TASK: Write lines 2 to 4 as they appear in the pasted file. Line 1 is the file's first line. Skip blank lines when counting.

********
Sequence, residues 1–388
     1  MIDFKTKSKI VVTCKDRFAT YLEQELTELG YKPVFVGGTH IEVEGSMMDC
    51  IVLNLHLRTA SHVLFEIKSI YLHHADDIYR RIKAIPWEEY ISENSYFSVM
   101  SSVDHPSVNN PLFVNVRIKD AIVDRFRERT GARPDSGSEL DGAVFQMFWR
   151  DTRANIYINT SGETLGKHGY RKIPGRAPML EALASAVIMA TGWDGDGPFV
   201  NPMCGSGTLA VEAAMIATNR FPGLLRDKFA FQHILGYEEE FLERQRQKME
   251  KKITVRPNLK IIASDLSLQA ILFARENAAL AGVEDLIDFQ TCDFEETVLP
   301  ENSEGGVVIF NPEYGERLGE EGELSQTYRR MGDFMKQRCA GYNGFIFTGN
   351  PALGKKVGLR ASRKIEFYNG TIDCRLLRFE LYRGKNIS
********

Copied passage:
     1  MIDFKTKSKI VVTCKDRFAT YLEQELTELG YKPVFVGGTH IEVEGSMMDC
    51  IVLNLHLRTA SHVLFEIKSI YLHHADDIYR RIKAIPWEEY ISENSYFSVM
   101  SSVDHPSVNN PLFVNVRIKD AIVDRFRERT GARPDSGSEL DGAVFQMFWR